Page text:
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Radio Show & Podcast Feedback / Training the next generation
« Last post by thedoc on Today at 12:40:20 »
University students gain hands-on experience of a new DNA sequencing technology
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Radio Show & Podcast Feedback / New hope for epilepsy
« Last post by thedoc on Today at 12:40:20 »
Drugs that block the hormone oestrogen have the potential to treat seizures
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Radio Show & Podcast Feedback / Going global
« Last post by thedoc on Today at 12:40:20 »
Genetics reveals how an 11,000 year-old dog cancer has spread around the world
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Radio Show & Podcast Feedback / Schistosome Stem Cells
« Last post by thedoc on Today at 12:40:20 »
How stem cells help parasitic worms to thrive in their host
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Quote from: kdd2018
When water is being used for hydraulic fracking can it cause an earthquake?
Yes - it is thought that the water can lubricate fault lines, allowing the pent-up energy to be dissipated in an earthquake.

Is this bad? The earthquake would have happened sooner or later. If it is sooner, earthquaes at 2 or less on the Richter scale aren't felt by humans. And if it were later, it would be after more geological stress had built up, and it would be more destructive. So are a number of very small earthquakes better than one large and destructive earthquake? Our legal system is not set up to decide such questions (and the Italian legal system is not set up to deal with entirely natural earthquakes).

I have heard that man-made earthquakes are created more often by waste water injection
When oil and gas wells start to dry up, water is often injected under pressure into obsolete wells. Since oil and gas float on top of the water, this increases flow into the wells that are still operational.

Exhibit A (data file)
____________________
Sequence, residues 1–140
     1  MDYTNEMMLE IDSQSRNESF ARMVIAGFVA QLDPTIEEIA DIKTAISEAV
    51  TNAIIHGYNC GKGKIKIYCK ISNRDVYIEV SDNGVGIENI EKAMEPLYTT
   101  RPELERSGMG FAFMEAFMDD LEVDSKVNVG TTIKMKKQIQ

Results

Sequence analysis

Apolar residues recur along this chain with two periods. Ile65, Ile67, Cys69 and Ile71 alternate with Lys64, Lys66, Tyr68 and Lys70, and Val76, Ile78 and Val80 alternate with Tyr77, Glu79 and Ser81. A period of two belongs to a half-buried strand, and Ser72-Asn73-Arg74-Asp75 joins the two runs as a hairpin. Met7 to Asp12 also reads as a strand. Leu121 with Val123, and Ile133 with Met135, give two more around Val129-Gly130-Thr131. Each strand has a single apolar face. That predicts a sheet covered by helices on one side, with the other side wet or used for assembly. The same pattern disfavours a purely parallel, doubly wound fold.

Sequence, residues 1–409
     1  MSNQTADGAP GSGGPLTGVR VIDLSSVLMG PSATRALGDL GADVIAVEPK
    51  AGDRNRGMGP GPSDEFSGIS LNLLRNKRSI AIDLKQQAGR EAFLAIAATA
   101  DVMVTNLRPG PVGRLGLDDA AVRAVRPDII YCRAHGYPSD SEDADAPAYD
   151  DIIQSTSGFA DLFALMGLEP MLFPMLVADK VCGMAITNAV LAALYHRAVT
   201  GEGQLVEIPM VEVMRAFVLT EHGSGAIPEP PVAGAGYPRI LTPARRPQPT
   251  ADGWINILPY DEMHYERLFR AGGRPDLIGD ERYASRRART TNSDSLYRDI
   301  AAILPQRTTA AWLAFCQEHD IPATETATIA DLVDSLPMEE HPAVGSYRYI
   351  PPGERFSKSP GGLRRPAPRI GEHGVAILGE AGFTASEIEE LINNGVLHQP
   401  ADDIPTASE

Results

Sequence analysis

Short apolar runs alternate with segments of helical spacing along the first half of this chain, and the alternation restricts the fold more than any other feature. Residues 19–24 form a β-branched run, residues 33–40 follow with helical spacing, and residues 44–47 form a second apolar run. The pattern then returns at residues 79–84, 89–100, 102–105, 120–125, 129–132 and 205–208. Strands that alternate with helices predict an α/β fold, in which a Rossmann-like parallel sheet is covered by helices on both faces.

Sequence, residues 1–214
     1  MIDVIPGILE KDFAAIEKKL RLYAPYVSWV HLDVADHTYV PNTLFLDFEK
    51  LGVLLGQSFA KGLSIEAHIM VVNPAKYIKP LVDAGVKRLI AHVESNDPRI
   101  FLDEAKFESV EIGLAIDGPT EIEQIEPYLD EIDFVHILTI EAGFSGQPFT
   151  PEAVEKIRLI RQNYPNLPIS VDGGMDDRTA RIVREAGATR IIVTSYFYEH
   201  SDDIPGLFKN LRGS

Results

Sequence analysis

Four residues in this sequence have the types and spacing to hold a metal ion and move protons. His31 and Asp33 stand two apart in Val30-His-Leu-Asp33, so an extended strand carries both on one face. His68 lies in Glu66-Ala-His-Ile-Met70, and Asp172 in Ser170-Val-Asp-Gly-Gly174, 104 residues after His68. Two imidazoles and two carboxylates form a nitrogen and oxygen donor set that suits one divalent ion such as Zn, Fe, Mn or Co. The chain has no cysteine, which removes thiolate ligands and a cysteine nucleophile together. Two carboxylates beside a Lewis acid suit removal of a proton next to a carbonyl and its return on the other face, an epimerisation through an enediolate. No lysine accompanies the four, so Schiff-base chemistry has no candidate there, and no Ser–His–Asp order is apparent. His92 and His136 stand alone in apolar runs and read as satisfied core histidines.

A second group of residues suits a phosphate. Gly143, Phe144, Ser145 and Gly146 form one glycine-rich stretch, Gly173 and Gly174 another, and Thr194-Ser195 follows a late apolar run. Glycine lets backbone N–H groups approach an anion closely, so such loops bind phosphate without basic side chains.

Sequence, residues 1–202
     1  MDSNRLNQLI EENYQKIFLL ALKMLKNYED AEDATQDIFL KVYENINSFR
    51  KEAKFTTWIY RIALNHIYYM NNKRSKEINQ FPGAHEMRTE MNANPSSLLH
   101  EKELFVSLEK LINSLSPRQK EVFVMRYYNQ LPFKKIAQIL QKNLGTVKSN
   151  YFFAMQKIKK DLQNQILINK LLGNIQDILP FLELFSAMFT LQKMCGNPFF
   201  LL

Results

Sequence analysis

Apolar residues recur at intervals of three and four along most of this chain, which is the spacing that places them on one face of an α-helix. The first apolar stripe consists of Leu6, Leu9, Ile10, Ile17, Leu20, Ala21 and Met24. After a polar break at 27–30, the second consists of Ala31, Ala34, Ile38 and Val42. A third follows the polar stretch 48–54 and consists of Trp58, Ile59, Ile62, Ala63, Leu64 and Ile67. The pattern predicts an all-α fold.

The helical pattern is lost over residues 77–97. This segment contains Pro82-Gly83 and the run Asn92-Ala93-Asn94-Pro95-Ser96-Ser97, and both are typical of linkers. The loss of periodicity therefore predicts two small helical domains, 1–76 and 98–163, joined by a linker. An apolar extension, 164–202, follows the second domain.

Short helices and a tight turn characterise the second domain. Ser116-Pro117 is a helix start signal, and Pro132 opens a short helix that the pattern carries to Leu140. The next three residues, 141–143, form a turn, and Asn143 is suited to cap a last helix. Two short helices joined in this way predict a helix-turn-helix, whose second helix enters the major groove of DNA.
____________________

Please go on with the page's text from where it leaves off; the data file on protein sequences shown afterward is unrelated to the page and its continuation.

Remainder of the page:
This can cause slips on fault lines, just like fracking.

What is the difference between the water used in fracking and waste water?
Water used in fracking contains a "proppant", used to "prop open" the cracks in the sedimentary layers. The proppant consists mostly of sand (which is what rocks are mostly made of), although there have been concerns about other additives.

I don't think the differences in the water are significant - it is mostly the injection of fluid under pressure that leads to the earthquakes.
    Quote from: Alan McDougall
    What about the Lagrange points between the moon and earth?
    These Lagrangian points are fixed in the Earth-Moon system, ie they rotate once around the Earth every time the Moon rotates around the Earth, ie once every 27.3 days.
    • This also means that the satellite is invisible half of the time, from any given point on Earth.
    • And when you can see it, you need a tracking dish to track it across the sky, which is more expensive and more likely to malfunction.
    • It is about 10 times farther away from the Earth than geosynchronous orbit (nearer the Moon at 380,000km, compared to geosynchronous orbit at 35,000km)
    • This means that transmitters have to be about 100 times more powerful (due to the inverse square law)
    • Communication delays are about 10 times greater; interactive voice communications becomes impossible (it takes a bit of effort even via geosynchronous satellite).
    • Internet browsing is already slow from geosynchronous orbit; it would be 10 times worse at Lunar Lagrange points.
    • There are 5 Lagrangian points, of which one is on the other side of the Moon. This gives 4 satellite locations visible from Earth, compared to the 180 satellite slots at 2 degrees separation for geosynchronous satellites sharing the same frequency bands.

    For effective communications, a 24-hour orbit is very much preferred, compared to a Lunar Lagrangian point, since the geosynchronous satellite sits in a fixed position in the sky, as seen from Earth's surface.